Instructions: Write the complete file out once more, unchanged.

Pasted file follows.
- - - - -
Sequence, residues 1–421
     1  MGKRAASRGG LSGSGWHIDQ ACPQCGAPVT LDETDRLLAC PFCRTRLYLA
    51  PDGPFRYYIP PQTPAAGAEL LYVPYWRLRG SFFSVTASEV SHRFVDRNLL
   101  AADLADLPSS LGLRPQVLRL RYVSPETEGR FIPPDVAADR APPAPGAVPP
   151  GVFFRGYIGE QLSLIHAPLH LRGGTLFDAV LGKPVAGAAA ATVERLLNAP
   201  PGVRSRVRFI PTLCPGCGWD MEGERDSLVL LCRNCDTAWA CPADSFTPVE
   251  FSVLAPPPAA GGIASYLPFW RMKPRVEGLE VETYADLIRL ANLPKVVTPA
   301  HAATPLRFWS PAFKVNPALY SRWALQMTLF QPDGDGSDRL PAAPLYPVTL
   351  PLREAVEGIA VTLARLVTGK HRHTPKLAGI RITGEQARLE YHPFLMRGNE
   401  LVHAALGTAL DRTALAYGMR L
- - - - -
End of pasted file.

Sequence, residues 1–421
     1  MGKRAASRGG LSGSGWHIDQ ACPQCGAPVT LDETDRLLAC PFCRTRLYLA
    51  PDGPFRYYIP PQTPAAGAEL LYVPYWRLRG SFFSVTASEV SHRFVDRNLL
   101  AADLADLPSS LGLRPQVLRL RYVSPETEGR FIPPDVAADR APPAPGAVPP
   151  GVFFRGYIGE QLSLIHAPLH LRGGTLFDAV LGKPVAGAAA ATVERLLNAP
   201  PGVRSRVRFI PTLCPGCGWD MEGERDSLVL LCRNCDTAWA CPADSFTPVE
   251  FSVLAPPPAA GGIASYLPFW RMKPRVEGLE VETYADLIRL ANLPKVVTPA
   301  HAATPLRFWS PAFKVNPALY SRWALQMTLF QPDGDGSDRL PAAPLYPVTL
   351  PLREAVEGIA VTLARLVTGK HRHTPKLAGI RITGEQARLE YHPFLMRGNE
   401  LVHAALGTAL DRTALAYGMR L